The local authority confirmed it does not have full legal title to all the lands, but rejected claims that the park's future could be in jeopardy.
And it has no plans to seek a compulsory purchase order (CPO) to acquire any of the land.
Former councillor Victor Boyhan had maintained that a multi-million euro masterplan for the park could not go ahead until the council gained full control of all the land.
"While the council acknowledges that it does not have full legal title to all of Blackrock Park, it does not accept that the master plan to redevelop Blackrock parklands cannot proceed," said a council spokesperson.
Comparisons with Dartmouth Square were also rejected as the ownership situation was "fundamentally different".
The spokesperson said a "very significant" portion of the parklands between Booterstown and Blackrock Dart stations was held in fee simple by the council.
One plot was being held on a long lease and while this restricted its uses, it would not prevent redevelopment.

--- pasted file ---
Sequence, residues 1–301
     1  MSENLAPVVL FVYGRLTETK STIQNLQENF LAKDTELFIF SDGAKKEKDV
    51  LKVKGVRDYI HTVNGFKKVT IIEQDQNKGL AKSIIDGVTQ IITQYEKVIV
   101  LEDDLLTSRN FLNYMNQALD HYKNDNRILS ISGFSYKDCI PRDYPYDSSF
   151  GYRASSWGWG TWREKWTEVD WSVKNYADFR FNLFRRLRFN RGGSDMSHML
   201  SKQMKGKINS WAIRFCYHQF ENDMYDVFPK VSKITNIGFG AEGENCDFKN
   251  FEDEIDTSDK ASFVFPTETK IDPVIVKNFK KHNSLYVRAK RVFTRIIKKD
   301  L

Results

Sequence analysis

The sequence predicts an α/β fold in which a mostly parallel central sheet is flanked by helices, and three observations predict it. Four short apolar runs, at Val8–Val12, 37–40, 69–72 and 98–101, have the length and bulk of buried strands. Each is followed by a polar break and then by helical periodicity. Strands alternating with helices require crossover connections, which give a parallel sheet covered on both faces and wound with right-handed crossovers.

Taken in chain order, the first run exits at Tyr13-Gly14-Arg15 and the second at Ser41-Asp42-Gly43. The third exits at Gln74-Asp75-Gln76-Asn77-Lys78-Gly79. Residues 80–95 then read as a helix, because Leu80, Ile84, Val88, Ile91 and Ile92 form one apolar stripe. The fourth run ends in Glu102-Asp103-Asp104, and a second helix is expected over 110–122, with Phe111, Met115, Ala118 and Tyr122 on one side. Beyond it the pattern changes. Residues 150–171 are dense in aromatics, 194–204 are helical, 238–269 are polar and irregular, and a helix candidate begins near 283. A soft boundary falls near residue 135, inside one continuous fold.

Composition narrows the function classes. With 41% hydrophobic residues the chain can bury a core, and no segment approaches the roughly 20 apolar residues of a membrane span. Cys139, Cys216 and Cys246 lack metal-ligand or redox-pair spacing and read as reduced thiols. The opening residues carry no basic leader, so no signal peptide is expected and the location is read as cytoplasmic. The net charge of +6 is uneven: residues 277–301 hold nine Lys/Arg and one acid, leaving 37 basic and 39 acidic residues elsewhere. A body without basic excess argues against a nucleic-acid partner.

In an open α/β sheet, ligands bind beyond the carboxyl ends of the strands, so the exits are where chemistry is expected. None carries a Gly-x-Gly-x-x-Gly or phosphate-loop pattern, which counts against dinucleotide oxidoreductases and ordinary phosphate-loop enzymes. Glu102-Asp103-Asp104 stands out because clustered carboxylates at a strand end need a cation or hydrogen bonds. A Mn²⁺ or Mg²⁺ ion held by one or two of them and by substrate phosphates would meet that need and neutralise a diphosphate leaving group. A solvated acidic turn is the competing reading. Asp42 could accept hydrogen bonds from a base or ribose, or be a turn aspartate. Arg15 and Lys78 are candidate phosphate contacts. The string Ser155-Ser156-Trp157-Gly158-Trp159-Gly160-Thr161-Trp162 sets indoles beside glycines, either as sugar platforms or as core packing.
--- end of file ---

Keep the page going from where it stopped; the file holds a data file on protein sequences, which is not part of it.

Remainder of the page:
The council accepted there was a "lack of clarity" on the final plot, which has been occupied by the local authority since 1875. Conveyance of the land to the council was never formally executed.
"The council is confident that this will not prevent the proposed redevelopment of the park," the spokesperson stated. "Any outstanding issues in relation to our title can be resolved, and at this stage, the council is not considering a CPO to acquire the land."
Mr Boyhan said the council needed to pursue full title to the lands to avoid a recurrence of "the Dartmouth Square situation", in which businessman Noel O'Gara bought that two-acre square in Ranelagh for less than €10,000 in 2005.
In June, Dublin City Council offered to buy the square from Mr O'Gara for €300,000, but he rejected this as "an insult".
Since purchasing the land, Mr O'Gara has had several injunctions brought to stop him operating a car park and tile shop at the square.
Dublin City Council has since decided it will not be attempting to acquire the square by CPO, as this would prove too expensive.